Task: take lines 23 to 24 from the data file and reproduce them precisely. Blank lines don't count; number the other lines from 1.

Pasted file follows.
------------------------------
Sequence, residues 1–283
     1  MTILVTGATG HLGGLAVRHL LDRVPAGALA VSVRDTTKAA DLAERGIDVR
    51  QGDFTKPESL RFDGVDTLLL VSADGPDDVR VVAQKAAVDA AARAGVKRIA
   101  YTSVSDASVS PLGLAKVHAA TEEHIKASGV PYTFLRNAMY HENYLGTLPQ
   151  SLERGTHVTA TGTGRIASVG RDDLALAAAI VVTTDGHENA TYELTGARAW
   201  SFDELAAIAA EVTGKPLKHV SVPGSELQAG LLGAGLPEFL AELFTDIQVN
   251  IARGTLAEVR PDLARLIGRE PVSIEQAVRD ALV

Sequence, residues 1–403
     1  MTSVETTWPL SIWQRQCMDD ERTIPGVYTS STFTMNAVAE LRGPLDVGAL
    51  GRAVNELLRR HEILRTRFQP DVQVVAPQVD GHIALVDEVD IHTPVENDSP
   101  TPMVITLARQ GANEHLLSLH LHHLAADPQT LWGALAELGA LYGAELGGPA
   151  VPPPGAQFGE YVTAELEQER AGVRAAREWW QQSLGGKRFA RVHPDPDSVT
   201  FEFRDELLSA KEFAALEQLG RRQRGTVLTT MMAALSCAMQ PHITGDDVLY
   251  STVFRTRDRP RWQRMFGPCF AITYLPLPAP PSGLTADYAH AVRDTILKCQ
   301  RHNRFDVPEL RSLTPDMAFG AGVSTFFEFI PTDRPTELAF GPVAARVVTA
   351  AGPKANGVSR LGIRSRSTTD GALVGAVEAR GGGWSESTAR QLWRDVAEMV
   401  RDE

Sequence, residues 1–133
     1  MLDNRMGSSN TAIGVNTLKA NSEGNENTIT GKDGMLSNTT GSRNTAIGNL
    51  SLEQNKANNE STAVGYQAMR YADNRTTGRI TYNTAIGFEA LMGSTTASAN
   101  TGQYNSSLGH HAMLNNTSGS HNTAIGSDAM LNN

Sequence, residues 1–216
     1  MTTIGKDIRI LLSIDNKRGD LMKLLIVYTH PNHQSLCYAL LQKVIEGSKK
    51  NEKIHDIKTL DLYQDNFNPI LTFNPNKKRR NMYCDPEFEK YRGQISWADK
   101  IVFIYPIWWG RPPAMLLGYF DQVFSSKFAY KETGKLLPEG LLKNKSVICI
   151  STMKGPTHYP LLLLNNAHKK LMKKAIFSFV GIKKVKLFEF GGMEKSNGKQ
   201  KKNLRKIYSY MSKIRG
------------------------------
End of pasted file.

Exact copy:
     1  MTTIGKDIRI LLSIDNKRGD LMKLLIVYTH PNHQSLCYAL LQKVIEGSKK
    51  NEKIHDIKTL DLYQDNFNPI LTFNPNKKRR NMYCDPEFEK YRGQISWADK